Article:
On September 3, 2014, the Federal Reserve Board, the FDIC, and the OCC finalized a rule to establish a standardized minimum liquidity requirement for large and internationally active banking organizations. Pursuant to the rule, each institution must hold high quality, liquid assets (“HQLA”) that can be converted easily into cash in an amount equal to or greater than its projected cash outflows minus its projected cash inflows during a 30-day stress period.

The ratio of the firm’s liquid assets to its projected net cash outflow, its “liquidity coverage ratio” or “LCR,” applies to all banking organizations with $250 billion  or more in total consolidated assets or $10 billion or more in on-balance sheet foreign exposures. The LCR also applies to these banking organizations’ subsidiary depository institutions that have assets of $10 billion or more. A less stringent, modified LCR will apply to bank holding companies and savings and loan holding companies that do not meet these thresholds, but have $50 billion or more in total assets. Bank holding companies and savings and loan holding companies with substantial insurance or commercial operations are not covered by the rule. The final rule also does not apply to non-bank financial companies designated by the Financial Stability Oversight Council for enhanced supervision.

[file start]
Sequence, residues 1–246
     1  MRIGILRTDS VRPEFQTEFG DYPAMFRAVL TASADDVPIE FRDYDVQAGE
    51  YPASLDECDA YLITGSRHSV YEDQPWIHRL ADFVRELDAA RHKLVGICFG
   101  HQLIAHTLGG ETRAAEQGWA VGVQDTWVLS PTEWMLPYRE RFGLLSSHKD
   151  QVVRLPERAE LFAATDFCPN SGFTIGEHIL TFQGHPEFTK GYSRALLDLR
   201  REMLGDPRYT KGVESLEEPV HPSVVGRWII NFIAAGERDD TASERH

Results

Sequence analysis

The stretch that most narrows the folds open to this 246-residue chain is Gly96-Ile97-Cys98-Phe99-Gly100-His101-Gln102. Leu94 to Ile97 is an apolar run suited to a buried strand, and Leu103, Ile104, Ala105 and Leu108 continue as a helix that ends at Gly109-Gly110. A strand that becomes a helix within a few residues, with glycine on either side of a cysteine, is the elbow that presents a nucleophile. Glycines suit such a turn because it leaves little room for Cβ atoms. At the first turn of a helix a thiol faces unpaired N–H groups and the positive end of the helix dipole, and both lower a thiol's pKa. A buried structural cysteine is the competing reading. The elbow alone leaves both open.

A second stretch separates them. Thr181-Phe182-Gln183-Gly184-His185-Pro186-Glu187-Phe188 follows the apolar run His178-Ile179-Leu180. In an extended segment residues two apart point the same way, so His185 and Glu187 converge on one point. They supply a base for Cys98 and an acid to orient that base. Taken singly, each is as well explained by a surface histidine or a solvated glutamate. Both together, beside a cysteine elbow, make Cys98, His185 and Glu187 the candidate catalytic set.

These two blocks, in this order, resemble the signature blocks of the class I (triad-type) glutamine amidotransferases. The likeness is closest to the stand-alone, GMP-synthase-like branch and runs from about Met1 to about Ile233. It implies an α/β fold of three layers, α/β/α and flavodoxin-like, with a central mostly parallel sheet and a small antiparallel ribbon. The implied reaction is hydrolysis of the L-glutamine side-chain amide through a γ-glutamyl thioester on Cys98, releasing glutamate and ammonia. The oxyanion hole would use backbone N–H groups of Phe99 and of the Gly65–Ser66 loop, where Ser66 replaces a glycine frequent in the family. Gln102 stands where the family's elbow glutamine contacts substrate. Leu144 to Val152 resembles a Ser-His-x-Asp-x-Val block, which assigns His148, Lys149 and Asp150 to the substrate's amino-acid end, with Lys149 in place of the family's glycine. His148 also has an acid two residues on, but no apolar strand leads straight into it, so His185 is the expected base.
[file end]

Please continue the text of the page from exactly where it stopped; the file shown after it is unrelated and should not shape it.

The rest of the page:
The final rule includes only a few modifications from the proposed version, including changes to the range of corporate debt and equity securities included in HQLA, a phasing-in of daily calculation requirements, a revised approach to address maturity mismatch during a 30-day period, and changes in the stress period, calculation frequency, and implementation timeline for the bank holding companies and savings and loan companies subject to the modified LCR. The rule is based on a liquidity standard agreed to by the BCBS and the LCR will establish an enhanced prudential liquidity standard consistent with section 165 of the Dodd- Frank Act. While the rule is generally consistent with the Basel Committee’s LCR standard, it is more stringent in certain areas, including a shorter transition period for implementation. US firms will be required to be fully compliant with the rule by January 1, 2017.

The final rule is available at: